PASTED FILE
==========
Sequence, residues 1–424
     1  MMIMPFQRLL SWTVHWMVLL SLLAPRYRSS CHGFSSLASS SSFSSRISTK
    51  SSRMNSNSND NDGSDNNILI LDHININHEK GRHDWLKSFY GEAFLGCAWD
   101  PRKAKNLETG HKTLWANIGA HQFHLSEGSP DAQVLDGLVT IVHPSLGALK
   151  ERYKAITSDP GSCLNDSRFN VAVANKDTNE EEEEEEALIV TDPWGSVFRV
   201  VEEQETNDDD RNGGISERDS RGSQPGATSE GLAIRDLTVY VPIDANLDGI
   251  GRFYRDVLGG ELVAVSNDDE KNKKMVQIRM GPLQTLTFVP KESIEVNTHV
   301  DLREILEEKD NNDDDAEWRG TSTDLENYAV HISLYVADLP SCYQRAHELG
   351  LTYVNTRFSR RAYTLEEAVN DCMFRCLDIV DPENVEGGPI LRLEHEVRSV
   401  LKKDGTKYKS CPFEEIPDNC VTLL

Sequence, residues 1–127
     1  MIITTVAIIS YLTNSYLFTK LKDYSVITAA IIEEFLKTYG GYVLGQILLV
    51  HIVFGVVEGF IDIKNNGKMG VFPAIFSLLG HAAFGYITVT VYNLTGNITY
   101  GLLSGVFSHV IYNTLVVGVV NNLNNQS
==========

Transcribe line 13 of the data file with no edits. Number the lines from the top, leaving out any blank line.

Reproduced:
    51  HIVFGVVEGF IDIKNNGKMG VFPAIFSLLG HAAFGYITVT VYNLTGNITY